According to the Non-Commercial Stakeholder Group (NCSG), key issues that remain are:

  1. There is no multistakeholder process at the moment, and in recognition of the work which was going on in the WHOIS policy development process has been temporarily suspended. The CEO and the Board will make a decision, claiming it to be based on advice from the Article 29 Working Party and on “community input”. That interim policy is good for a year, during which time the community can propose changes, through a normal policy development process. Once the year is over (and the process takes a couple of months in itself to vote through a policy) the interim policy will become the final policy unless there is an agreed replacement. Given the recent history of the Registration Directory Services Policy Development Process (RDS PDP), it is highly unlikely that consensus to change the interim solution in less than a year would be achieved. This appears to be abandonment of the multi-stakeholder process, and requires close scrutiny. A multi-stakeholder process needs to remain in place to reach some kind of consensus on the biggest policy debate that ICANN has confronted in its history.
  2. The purpose of the collection, use and disclosure of registrant data is being construed to include feeding the third party actors who have always had free access to the data (in the NCSG view, often illegally).
  3. The issue of public safety and consumer protection as a reason to permit widespread access to data is unsupported by recent accurate data.
  4. The risks to individuals and small organisations have never been measured.
  5. The proposed tiered access model depends for its efficacy on a serious accreditation process. Because there is no time to develop one before 25 May, of the day the General Data Protection Regulation becomes law, an interim self-accreditation process is proposed. There may not be an appetite to work on proper standards that engage the data protection authorities, and the interim solution will not simply expose individuals to marketing, domain expropriation, spam, and risk from political adversaries. Self-accreditation risks setting up an anti-competitive regime where registrant data is held by dominant players.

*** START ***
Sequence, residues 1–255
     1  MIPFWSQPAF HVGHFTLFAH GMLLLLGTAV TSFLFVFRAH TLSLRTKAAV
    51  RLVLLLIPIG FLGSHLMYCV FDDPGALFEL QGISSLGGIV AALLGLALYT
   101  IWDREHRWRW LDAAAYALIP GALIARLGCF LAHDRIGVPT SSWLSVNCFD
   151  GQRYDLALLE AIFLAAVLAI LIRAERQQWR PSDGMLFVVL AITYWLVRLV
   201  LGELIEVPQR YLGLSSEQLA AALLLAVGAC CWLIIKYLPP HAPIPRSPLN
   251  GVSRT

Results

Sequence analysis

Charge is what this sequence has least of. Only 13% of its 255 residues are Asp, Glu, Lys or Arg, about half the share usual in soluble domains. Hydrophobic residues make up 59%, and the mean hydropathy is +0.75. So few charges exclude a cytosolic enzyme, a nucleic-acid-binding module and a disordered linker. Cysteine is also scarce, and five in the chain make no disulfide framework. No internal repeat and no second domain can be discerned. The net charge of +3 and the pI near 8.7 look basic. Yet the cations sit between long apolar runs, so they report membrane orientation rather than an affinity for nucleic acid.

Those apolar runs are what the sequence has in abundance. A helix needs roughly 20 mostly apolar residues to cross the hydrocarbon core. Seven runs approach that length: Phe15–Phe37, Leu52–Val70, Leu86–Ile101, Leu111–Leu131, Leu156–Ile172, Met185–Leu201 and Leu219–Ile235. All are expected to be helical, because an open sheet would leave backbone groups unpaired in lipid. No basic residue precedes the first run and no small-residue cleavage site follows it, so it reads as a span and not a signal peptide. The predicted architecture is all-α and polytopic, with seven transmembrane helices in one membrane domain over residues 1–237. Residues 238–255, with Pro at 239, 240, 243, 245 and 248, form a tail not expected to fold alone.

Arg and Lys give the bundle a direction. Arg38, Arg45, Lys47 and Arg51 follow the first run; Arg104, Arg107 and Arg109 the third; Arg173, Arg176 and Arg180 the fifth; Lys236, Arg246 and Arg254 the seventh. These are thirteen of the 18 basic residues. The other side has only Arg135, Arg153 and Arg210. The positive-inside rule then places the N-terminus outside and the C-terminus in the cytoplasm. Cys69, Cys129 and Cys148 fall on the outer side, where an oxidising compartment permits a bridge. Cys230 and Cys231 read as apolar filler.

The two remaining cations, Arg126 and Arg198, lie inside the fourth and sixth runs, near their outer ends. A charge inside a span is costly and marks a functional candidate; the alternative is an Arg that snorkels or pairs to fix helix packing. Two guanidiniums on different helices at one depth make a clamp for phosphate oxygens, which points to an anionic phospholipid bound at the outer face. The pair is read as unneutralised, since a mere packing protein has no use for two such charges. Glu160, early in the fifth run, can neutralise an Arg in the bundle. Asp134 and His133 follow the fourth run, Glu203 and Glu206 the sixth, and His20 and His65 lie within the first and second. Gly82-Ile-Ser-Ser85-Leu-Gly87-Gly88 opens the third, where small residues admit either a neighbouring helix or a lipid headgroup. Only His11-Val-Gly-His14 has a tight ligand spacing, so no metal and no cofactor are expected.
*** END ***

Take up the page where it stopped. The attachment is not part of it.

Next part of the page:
6. ICANN is still not clear as to whether it regards itself as a data controller, although a long-serving member of the ICANN community challenged them publicly on this matter at ICANN61 meeting in March 2018.It has also thus far refused to appoint a privacy officer for any registrant data related issues. What is clear to the NCSG is that ICANN is the only contracting party who has access to all escrowed data of registrants, and that they set the terms for that escrow arrangement. They also set the terms for the contracts with registries and registrars, and enforce their compliance through the Global Domains Division (compliance branch). It is worth noting that one of the recommendations of the business community proposal is that ICANN must retain access to all registrant data at all times, whatever the solution selected.
  7. For those not following the GDPR closely, the issue of who is the controller may be extremely important in terms of liability.
  8. NCSG is working on a standards development project led by a University of Toronto team, to develop proper accreditation standards for third parties to whom personal data is released by data controllers and processors. There must be strong management practices in place to ensure that the entities asking for the data are indeed who they say they are, and that their purported reasons to request the data are legitimate, limited, and proportionate. There should also be standards to ensure proper safeguarding and eventual destruction of the data, and access rights for individuals, as well as transparency except in exceptional circumstances. The Article 29 Working Party released a paper in February detailing their expectations and their own involvement in the accreditation of various processors under the GDPR; this standards proposal is working in the same vein, to explore what best management practices look like.

Working Paper International Working Group on Data Protection in Telecommunications
https://www.datenschutz-berlin.de/working-paper.html

Working Paper on Privacy and Data Protection Issues with Regard to Registrant data and the WHOIS Directory at ICANN (27-28.11.2017)